Jim Wilson seminar
Place: Genopode Auditorium B
Time: 16h00, 17 May
Title: The Scope and Mechanism of Inbreeding Depression in Humans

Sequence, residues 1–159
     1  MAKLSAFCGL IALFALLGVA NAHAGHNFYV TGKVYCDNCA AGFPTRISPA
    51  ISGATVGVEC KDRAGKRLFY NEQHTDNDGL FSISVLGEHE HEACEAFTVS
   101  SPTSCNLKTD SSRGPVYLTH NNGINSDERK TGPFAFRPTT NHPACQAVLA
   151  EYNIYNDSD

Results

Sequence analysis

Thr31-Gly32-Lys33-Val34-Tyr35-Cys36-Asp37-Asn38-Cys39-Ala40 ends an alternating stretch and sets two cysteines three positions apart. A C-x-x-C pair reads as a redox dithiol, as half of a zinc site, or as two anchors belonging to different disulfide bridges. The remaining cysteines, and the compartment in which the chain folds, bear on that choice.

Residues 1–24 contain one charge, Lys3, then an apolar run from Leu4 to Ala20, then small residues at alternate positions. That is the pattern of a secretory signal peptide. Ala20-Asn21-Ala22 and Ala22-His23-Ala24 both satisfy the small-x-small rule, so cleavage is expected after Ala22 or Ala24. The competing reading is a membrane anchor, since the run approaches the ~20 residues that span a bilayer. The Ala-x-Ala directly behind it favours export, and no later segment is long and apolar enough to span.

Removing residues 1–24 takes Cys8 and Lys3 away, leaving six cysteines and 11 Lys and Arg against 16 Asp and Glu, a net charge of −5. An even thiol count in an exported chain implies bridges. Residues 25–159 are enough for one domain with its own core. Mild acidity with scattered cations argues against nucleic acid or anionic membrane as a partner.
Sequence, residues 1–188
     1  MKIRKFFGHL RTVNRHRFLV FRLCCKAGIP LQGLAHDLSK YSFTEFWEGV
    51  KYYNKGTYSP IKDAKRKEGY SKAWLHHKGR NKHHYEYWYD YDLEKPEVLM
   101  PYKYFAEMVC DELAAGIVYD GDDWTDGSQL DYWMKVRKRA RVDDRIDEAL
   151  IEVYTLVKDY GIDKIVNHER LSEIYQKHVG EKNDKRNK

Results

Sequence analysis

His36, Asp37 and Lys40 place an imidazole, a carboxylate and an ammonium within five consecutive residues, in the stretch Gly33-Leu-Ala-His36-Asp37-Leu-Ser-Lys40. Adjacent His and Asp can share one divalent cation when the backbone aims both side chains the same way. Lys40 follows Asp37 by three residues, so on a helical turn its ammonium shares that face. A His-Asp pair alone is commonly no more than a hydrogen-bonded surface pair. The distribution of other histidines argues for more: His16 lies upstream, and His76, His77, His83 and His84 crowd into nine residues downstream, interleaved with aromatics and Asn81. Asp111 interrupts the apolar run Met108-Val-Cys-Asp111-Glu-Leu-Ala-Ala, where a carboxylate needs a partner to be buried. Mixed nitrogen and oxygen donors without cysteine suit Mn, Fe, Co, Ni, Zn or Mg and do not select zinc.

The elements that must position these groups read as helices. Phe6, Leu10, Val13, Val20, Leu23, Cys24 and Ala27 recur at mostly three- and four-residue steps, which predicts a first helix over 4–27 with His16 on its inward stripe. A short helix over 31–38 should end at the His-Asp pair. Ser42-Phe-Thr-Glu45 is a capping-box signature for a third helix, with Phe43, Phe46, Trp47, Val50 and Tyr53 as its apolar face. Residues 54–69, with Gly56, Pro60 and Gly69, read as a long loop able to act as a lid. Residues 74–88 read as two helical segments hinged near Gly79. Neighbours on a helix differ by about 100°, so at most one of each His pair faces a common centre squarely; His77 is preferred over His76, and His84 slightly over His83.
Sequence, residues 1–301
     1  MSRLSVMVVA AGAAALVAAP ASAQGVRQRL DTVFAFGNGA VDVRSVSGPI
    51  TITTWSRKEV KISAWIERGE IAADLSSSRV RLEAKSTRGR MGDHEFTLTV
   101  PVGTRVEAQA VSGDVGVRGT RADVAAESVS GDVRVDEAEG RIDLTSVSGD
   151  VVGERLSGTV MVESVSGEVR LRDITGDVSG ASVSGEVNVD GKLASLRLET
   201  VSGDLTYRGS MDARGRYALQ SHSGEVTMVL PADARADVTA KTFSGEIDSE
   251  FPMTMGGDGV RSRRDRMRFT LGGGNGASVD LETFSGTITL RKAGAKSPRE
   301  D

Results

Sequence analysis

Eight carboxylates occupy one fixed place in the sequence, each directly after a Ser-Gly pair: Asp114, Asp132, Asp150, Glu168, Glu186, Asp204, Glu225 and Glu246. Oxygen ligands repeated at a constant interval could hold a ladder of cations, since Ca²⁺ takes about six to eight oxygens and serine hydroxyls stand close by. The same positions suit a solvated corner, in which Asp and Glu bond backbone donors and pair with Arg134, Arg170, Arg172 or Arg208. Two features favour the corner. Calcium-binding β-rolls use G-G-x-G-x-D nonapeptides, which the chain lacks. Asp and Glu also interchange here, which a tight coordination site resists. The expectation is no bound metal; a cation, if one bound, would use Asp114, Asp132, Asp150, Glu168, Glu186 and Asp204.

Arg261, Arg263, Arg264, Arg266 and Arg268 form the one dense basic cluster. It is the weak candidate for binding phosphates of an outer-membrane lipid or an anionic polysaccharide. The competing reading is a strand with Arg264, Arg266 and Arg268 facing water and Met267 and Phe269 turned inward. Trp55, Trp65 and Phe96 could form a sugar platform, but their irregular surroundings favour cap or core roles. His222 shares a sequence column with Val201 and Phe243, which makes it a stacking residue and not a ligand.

Abstract: In many species, the offspring of related parents suffer reduced reproductive success, a phenomenon known as inbreeding depression. In humans, the importance of this effect has remained unclear, partly because reproduction between close relatives is rare in many cultures and frequently associated with confounding social factors. Moreover, it is not certain which of the classical rival theories of dominance or overdominance (heterozygote advantage) is the principal mechanism underlying these effects. Here, using genomic inbreeding coefficients (FROH) for >1.3 million individuals, we show that FROH is significantly associated (P < 0.0005) with changes in 31 of 101 complex traits analysed. An increase in FROH is associated with reduced reproductive success (ever having children, age at first birth, age at first sex, number of sexual partners), as well as reduced alcohol intake, likelihood of ever-smoking and self-reported risk taking, and increases in disease risk factors (including heart rate and lymphocyte percentage). The resultant effect on fertility is striking: FROH equivalent to the offspring of first cousins is associated with a 55% increase [95% CI 44-66%] in the odds of remaining childless. These effects are associated with runs of homozygosity (ROH), but not with common variant homozygosity, suggesting that genetic variants causing inbreeding depression are rare, consistent with the dominance hypothesis. Moreover, for a subset of traits, the effect of FROH differs significantly between men and women. Indeed, increasing FROH significantly decreases total and LDL cholesterol in men, and is thus cardio-protective in this regard. Finally, the effects of FROH are confirmed within full-sibling pairs, where the variation in genomic inbreeding is independent of environmental confounding. The fact that autozygosity caused by inbreeding influences a broad range of human phenotypes, some positively, others negatively, suggests a complex history of selection.